Bone marrow stromal cells (BMSCs) regulate HSC functionality in-vivo (Garcia-Garcia et al., 2015) and have been used to support the HSCs for in-vitro expansion cultures (Jing et al., 2010). A recent study confirms the role of Egr1 in BMSC proliferation. Egr1 expression levels are found to be high in the freshly isolated BMSCs but are rapidly downregulated upon proliferation under culturing conditions. However, Egr1 expression levels are also seen to be reduced in the colony-forming BM MSCs. Enforced expression of Egr1 decreases proliferation in stromal cells but upon culturing for HSC expansion, their HSC support potential increases, evident through the elevated number of transplantable HSCs (Li et al., 2020). Netrin-1, expressed on arteriolar endothelial and periarteriolar stromal cells, regulates niche-dependent HSC self-renewal and quiescence through its interaction with Neogenin-1 by triggering Egr1 expression. The aged niche shows a decline in Netrin-1, which induces compensatory overexpression of Neogenin-1 in HSCs, inducing Egr1 expression further (Renders et al., 2021). These findings suggest that Egr1 expression during aging is amendable by extrinsic modulations and can be a potential target for HSC rejuvenation therapies.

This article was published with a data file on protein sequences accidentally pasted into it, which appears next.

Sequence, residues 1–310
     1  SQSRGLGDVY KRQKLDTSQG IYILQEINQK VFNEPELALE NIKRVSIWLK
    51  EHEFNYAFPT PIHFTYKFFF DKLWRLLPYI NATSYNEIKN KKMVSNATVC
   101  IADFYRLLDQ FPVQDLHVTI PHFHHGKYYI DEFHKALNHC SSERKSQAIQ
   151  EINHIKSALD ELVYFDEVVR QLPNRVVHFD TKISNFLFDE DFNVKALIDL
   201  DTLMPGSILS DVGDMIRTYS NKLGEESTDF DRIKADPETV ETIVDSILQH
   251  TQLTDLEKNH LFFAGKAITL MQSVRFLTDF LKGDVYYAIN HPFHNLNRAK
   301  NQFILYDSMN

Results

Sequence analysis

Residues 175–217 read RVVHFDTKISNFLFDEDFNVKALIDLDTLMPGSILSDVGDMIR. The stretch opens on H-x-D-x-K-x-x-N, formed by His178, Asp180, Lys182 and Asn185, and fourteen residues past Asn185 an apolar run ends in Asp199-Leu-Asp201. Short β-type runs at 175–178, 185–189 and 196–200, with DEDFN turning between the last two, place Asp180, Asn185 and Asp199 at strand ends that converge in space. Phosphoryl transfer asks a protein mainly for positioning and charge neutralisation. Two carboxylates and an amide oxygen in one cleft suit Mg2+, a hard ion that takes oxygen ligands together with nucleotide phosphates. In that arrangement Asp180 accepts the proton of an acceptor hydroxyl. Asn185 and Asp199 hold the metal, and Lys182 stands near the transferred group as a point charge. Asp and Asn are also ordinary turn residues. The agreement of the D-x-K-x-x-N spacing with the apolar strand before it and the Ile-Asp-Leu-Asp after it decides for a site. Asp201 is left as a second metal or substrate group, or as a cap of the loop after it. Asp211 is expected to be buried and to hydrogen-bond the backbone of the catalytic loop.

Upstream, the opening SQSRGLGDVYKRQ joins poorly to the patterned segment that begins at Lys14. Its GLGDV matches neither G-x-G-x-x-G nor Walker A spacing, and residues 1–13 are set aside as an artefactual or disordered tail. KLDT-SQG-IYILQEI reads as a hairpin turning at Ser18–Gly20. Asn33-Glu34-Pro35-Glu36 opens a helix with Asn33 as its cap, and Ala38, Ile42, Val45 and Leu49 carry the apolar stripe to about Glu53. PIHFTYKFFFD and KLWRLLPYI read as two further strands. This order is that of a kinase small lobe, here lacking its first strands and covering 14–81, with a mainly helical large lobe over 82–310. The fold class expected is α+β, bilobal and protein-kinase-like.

Differential Role of EGR1 in Mature and Immature Cell Types

EGR1 is a master transcription factor that can regulate various genes by acting as an activator or a suppressor, depending on distinct cofactors associated with it (Thiel and Cibelli, 2002). Importantly, EGR1 regulates immune cells through its target genes such as Il-2, Cd44, Icam, and Tnf (McMahon and Monroe, 1996). In the case of the cancer cells, Wang et al. have reported that high glucose levels induce cell proliferation via increased Tgf- β1 levels, mediated by increased binding of EGR1 to the Tgf- β1 promoter site (Wang et al., 2015).